Very rarely do we catch a mainstream press headline that promises anything beyond what we might politely call ‘conventional wisdom’.
In fact, for the most part, we look past the stream of ‘news’ penned by Australia’s best-known financial commentators. That’s not to say we’re ignorant of mainstream finance opinion — just that it’s rare for us to catch them offering any useful, actionable advice.
But your editor couldn’t help reading on this time. At long last, an establishment news outlet promised to subvert our thinking with some original advice.
If there’s one thing we value at Port Phillip Publishing, it’s unusual, thoughtful investment ideas. That’s why this mainstream headline piqued our interest. But as we read on, we realised we shouldn’t have bothered…
We spotted the Australian Financial Review running with this headline: ‘Australian small caps no cheaper than blue chips’.
‘Surely not,’ we thought. You see, your editor also pens Australia’s most widely read small-cap share investment advisory service, Australian Small-Cap Investigator.
If there’s one thing we’re good at, it’s researching and tipping small stocks that outperform the Australian share market. And in the small-cap sector, cheap valuations are a major drawcard.
Here’s what we mean. Right now, the benchmark for large-cap shares — the S&P/ASX 200 [ASX:XJO] index — trades at a forward price-earnings (P/E) ratio of around 17 times. That means if you were to buy a basket of Australia’s 200 biggest stocks, for each share you’d pay an average of around 17 times the earnings per share that the company is expected to generate in the coming year.
‘Expected by whom?’ you might ask. Well, expected by the research analysts who work for an arbitrary bunch of stockbroking firms and investment banks. We’ll put aside the fact that these analysts can rarely forecast earnings with much accuracy — which calls the entire notion of forward P/E ratios into question. That’s a topic for another day. It’s enough for us to note that 17 times future earnings is an above-average valuation.
Meanwhile, in the small-cap sector, sometimes you can nab stocks trading for as little as eight times…six times…or even less than five times the earnings they may generate in the coming year.
If you’re like us, when you find a tiny stock changing hands for just a few times its earnings, you can’t help but mentally run through the potential rewards. So when we saw yesterday’s small-cap story in the Fin Review, the prospect of learning that this had been a sham all along was enticing enough for us to click on the headline.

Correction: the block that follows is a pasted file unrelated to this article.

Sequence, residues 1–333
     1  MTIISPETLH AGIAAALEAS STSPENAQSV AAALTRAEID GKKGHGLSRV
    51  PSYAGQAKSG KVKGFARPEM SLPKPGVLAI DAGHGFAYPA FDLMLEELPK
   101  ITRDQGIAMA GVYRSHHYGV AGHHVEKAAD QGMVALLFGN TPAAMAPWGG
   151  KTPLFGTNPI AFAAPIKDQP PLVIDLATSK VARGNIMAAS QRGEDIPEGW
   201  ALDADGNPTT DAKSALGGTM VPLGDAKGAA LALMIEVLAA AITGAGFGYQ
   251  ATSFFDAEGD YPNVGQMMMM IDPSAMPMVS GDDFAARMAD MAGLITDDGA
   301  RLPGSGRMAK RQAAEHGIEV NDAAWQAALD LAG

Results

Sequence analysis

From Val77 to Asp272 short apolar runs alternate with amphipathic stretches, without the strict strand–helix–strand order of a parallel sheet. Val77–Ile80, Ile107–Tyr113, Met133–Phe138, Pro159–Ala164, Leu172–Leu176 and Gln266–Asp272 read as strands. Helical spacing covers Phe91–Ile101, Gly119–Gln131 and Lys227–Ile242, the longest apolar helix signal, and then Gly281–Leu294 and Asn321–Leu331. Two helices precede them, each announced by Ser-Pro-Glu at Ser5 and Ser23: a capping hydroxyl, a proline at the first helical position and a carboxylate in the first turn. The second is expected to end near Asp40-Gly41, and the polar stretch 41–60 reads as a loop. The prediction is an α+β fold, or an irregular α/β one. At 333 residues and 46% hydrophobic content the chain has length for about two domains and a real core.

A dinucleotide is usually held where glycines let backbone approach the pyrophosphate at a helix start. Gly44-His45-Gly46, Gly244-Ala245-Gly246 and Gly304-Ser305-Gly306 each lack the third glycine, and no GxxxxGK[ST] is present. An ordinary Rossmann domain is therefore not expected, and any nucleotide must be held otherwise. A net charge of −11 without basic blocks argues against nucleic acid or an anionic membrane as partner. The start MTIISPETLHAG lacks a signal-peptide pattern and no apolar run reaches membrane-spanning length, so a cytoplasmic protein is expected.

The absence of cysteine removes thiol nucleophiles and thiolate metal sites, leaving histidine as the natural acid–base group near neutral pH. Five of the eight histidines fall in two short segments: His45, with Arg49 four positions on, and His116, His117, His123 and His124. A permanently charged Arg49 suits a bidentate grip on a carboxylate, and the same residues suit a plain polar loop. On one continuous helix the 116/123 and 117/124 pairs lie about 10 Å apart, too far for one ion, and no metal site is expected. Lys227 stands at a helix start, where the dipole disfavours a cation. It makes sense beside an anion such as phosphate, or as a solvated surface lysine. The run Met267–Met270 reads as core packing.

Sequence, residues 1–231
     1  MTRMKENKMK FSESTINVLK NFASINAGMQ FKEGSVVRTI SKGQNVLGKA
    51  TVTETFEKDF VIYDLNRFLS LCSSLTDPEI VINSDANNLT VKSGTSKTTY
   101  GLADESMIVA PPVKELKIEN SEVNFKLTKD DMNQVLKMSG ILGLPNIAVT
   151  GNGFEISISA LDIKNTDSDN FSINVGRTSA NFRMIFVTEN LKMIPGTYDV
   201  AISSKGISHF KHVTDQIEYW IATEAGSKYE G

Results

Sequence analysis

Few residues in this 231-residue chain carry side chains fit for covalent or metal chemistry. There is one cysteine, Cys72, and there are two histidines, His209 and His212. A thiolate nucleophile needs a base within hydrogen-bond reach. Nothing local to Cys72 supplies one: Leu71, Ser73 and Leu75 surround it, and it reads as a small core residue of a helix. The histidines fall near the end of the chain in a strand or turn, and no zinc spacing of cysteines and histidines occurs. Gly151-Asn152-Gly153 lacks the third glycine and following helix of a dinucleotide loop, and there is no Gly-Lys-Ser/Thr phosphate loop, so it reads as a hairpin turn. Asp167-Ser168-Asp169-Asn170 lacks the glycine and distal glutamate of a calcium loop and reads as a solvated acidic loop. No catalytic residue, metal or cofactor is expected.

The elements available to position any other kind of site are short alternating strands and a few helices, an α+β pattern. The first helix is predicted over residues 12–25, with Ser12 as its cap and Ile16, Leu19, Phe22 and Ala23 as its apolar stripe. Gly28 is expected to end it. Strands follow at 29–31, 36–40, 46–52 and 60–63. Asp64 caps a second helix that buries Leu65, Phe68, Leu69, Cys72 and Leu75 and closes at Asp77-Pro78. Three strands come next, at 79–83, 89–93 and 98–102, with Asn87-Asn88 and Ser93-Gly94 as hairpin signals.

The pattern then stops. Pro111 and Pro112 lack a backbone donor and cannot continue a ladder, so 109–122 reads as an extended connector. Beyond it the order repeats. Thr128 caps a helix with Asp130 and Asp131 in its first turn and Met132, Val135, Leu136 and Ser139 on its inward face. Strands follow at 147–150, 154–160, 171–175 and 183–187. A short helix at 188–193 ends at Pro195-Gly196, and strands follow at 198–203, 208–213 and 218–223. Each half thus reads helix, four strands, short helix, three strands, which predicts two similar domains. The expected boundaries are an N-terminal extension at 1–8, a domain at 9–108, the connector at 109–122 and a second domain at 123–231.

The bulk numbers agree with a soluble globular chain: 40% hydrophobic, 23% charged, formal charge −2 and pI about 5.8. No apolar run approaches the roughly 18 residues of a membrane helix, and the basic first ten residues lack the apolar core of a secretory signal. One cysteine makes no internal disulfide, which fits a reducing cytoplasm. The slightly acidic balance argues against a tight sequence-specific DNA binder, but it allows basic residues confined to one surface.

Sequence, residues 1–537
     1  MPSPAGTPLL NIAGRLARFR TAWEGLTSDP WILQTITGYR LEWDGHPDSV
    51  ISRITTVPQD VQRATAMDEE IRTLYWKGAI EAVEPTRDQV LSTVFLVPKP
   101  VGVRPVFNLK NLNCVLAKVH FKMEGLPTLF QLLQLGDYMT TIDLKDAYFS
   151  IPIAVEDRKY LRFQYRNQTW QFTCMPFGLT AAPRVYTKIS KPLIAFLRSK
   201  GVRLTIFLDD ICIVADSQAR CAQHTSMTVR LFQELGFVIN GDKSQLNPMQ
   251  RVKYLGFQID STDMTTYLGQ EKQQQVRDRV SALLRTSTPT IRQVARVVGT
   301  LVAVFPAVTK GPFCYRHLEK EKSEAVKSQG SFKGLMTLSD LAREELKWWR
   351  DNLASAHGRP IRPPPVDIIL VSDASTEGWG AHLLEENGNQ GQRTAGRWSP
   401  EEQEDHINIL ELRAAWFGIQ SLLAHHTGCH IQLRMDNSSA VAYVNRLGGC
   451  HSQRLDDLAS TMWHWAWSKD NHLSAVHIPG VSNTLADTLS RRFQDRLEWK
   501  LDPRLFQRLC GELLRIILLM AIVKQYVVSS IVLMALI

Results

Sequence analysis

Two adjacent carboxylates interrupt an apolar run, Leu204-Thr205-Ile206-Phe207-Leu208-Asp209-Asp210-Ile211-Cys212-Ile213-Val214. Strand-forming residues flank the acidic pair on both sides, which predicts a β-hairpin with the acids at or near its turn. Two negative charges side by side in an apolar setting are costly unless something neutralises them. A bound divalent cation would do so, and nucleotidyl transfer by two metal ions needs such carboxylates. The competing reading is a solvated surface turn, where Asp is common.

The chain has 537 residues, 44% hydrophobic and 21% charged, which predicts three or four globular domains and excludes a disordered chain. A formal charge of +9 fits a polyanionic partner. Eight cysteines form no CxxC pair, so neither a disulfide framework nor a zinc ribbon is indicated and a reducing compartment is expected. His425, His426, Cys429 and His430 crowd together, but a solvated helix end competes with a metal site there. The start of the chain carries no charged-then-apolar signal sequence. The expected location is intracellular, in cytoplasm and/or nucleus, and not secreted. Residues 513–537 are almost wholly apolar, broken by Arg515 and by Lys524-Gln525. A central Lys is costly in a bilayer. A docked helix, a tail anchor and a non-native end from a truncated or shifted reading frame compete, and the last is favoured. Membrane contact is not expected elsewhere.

Alas, the story turned out to be clickbait. That’s what we call a web article that exploits your curiosity about a sensational headline — then fails to deliver on its promise…
The horse has bolted
Here’s the article’s main problem: it defines ‘small-cap’ as anything that lies inside the ASX 300 but outside the top 100. Excuse us, but those aren’t small-caps…they’re genuine mid-caps.
The author cites companies like APN Outdoor Group Ltd [ASX:APO], McMillan Shakespeare Ltd [ASX:MMS] and iiNet Ltd [ASX:IIN] as potentially attractive small-caps. They may well be successful companies — but you won’t catch us tipping stocks like that in Australian Small-Cap Investigator.
These firms already sport market valuations of $540 million, $930 million and $1.4 billion respectively. Companies that have already become so big don’t offer the supercharged growth prospects we aim to bring you. Your editor would much rather deliver you the next APN or iiNet at a tiny fraction of the price tag.
Typically, ‘challenger’ companies that lurk deep in the small-cap sector trade at deep discounts to their large-cap peers. The stocks we track are so far under the Fin Review’s radar that they don’t even warrant inclusion in their articles about ‘small-caps’…and that’s the way we like it.
If things play out as we expect, the tiny speculative stocks on our buy list could hit the big time in 2015 — and if you can tolerate the risk of owning them, buying ahead of their success can bring you fabulous riches.
These stocks will keep running
Look, we don’t have all day to slag off the Fin Review. To be fair, it can often be a handy source of factual info. And the article we’ve just dissected did get one thing right about small-caps.
It pointed out that stocks in this sector are still poised to benefit from investors’ thirst for income, as long as interest rates stay low.
Investors’ chase for stocks that have paid or may raise dividends has led all the way to the small end of town. This trend shows no signs of slowing. That makes now the perfect time for us to launch a brand-new dividend stock advisory service.
Over the weekend, we unveiled your new income advisory newsletter. We’re sure it will become an indispensable weapon in your investing arsenal. Make sure you check it out.
Editor, Australian Small-Cap Investigator